NetBeans RCP development with Maven

I have been wanting to work with NetBeans RCP for quite some time now, but I felt that resources were lacking; then came along API changes for NetBeans 6.0 Platform and I felt there is a lot of improvement in it, along with its platform home, the excellent RCP book and Maven integration for plugin/suite/Rich Client Application development (I personally tested it whether it works or not and it does smoothly except that when I was reading it Figure 4 and Figure 6 were in opposite places), now I reckon NetBeans RCP as a force. The biggest advantage of NetBeans RCP that actually initially dragged me to NetBeans was the JavaHelp integration.
I just wish NetBeans also support(s)/ed GIT. Actually I am planning to add support for it in NetBeans.

Killing a process in Linux

As a software developer one thing I have several times is killing a process, some people will term is as ugly or bad, but general software developers often come across situation where killing a process is handy or necessary. I will mention some use cases later in the blog.

Killing a process usually involves 2 steps. Finding the process ID that is intended to be terminated and terminating it with a kill statement. Step one for general users (like myself) again involves a ps command with some grepping and then manual lookup. I have to these almost every time I kill a process. I have simply put this steps into this script so that I can do them in a single command. If someone has any improvements please inform me about it.

The shell script expects 3 arguments, of which 2 are mandatory and 1 is optional. The first 2 are grep params to identify the process. For example, to identify a Tomcat running Escenic Content Engine I use java and escenic.root to identify the process. The third param is the user to search it with. If it is not provided then whoami will be used to determine the user executing the shell.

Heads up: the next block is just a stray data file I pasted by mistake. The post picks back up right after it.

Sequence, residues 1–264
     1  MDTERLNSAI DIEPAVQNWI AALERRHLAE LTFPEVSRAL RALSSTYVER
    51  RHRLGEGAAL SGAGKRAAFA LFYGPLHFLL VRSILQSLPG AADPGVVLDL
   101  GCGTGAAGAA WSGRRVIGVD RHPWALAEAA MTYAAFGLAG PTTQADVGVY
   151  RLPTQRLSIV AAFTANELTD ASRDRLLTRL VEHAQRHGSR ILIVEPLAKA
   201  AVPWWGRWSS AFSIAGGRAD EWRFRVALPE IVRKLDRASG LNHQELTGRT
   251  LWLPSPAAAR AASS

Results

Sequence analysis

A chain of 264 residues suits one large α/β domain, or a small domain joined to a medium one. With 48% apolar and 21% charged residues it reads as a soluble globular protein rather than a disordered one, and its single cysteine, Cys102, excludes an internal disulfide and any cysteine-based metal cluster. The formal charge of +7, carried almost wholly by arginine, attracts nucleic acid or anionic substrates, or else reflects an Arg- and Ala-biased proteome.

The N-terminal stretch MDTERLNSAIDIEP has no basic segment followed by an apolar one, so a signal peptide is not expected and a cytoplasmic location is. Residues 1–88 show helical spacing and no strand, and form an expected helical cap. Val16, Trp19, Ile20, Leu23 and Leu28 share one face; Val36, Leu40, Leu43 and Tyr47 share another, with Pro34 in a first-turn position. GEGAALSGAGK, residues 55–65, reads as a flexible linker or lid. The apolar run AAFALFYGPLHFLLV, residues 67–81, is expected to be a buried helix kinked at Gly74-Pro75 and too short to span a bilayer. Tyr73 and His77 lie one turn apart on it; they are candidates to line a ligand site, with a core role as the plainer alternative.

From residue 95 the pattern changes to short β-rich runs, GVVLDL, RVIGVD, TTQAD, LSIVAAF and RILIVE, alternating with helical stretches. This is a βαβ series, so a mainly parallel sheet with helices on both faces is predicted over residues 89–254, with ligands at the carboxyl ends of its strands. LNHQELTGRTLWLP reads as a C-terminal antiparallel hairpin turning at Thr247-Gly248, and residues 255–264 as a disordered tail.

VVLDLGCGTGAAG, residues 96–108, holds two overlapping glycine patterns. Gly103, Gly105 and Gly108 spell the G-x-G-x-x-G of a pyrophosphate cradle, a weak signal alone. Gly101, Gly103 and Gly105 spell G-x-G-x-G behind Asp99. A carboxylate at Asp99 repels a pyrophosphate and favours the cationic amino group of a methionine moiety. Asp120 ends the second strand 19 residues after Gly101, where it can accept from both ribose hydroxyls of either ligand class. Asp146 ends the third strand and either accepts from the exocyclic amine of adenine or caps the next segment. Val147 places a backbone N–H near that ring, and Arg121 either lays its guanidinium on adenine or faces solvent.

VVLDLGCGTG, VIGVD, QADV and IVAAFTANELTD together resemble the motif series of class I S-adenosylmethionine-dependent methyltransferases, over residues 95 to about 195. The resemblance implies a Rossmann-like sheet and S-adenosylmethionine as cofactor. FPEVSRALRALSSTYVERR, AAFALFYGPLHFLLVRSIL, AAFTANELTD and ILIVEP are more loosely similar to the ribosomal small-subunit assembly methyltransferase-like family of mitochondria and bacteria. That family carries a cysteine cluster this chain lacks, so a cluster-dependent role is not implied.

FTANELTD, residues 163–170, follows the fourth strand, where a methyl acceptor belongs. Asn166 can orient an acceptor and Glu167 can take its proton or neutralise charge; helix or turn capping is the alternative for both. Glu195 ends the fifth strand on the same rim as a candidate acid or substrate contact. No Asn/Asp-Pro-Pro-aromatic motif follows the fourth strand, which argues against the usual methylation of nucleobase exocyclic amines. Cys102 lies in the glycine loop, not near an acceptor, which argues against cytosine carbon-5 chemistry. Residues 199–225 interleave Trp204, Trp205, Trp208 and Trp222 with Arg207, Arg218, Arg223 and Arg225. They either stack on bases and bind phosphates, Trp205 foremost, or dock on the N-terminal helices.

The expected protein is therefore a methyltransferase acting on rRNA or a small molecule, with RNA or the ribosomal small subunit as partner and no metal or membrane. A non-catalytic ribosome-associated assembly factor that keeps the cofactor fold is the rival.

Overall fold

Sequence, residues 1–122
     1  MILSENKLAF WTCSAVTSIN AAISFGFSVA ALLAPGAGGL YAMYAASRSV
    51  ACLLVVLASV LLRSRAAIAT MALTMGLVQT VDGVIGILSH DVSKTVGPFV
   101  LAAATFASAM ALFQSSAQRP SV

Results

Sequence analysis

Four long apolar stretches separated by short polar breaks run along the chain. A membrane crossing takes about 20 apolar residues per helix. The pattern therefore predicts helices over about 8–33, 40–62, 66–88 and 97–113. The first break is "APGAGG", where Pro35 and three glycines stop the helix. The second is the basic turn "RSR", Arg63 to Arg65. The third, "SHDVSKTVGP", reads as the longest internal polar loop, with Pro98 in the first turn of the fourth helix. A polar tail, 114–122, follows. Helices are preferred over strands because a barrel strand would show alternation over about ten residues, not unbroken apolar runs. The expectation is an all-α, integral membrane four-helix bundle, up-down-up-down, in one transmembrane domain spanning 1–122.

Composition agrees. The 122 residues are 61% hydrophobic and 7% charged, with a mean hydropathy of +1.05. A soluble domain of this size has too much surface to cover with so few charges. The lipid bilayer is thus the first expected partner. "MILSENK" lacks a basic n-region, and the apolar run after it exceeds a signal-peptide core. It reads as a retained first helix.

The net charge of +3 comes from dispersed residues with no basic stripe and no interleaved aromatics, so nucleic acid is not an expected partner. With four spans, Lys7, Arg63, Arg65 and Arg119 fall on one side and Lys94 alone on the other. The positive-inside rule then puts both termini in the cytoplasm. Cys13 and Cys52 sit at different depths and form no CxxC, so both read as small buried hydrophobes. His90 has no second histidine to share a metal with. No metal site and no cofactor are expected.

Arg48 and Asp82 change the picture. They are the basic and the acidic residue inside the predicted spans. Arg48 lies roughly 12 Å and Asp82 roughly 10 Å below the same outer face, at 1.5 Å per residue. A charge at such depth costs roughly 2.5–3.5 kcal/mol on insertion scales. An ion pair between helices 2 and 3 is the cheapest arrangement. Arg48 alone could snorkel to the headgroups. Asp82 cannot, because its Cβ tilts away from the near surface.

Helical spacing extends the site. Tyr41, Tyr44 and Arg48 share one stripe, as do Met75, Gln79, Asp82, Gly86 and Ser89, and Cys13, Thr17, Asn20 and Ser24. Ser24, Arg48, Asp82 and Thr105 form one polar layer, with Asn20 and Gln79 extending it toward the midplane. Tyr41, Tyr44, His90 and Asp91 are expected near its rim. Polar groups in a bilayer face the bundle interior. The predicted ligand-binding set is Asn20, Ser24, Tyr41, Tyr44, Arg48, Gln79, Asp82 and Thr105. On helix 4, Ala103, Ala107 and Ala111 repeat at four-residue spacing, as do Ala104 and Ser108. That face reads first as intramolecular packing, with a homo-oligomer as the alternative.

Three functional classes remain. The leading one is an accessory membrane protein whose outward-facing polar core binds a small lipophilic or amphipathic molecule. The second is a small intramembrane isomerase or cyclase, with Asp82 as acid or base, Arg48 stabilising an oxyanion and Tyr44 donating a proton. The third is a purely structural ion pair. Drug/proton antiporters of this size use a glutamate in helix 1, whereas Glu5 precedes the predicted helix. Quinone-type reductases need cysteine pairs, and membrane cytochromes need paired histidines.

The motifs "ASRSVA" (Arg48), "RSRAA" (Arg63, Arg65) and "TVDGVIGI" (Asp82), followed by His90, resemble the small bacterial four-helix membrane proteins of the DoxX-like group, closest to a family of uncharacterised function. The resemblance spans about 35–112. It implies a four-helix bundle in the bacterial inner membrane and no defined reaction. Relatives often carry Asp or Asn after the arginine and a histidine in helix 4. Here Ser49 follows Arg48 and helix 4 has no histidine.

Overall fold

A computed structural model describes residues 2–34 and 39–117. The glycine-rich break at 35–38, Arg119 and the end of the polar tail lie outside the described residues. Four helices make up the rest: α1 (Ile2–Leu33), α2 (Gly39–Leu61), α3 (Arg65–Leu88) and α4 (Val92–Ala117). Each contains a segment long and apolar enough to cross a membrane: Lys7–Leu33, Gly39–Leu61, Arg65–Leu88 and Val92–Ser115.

This shell script has enabled me to sync, build, deploy my projects all with a single command and this helps me save some sustainable amount of time. Now without a build server I can still achieve what a build server like Hudson can do. Actually I use this script from within Hudson and thus I almost "never" have to be concerned about deploying applications to my demo server. I hope this is useful to all.

Guarding against softwares with memory leak

I have been using IntelliJ IDEA as the IDE for my project development. It has been satisfying but sometimes it annoys me a lot. For example, when I am typing in the code editor and all of a sudden I cant hear the music playing (which I always play while coding), the IDE stopped responding and the mouse pointer hardly moves. The only way to start working normally again is to restart my laptop and on a laptop it is not a happy scenario to force reboot and moreover I do not like force reboot as a solution. So first I had to detect what caused the catastrophe and I find that the Java VM running IDEA keeps taking up memory linearly at 45 Degrees angle in the resource monitor. Furthermore this is not a infrequent event it usually occurs 2-3 times a day.

As I could not live with the reboot I had too make sure it did not occur and for that I thought of the a solution - I will have a cron job that will monitor the used memory by IDEA and will kill it if it crosses a certain amount. So I wrote a shell script and created a cron job following the the Ubuntu help. That solved my problem. The shell script can actually be used to kill any Java process that leaks memory and might disrupt the normal flow of PC usage experience.

If anyone has any alternate solution please feel free to share it.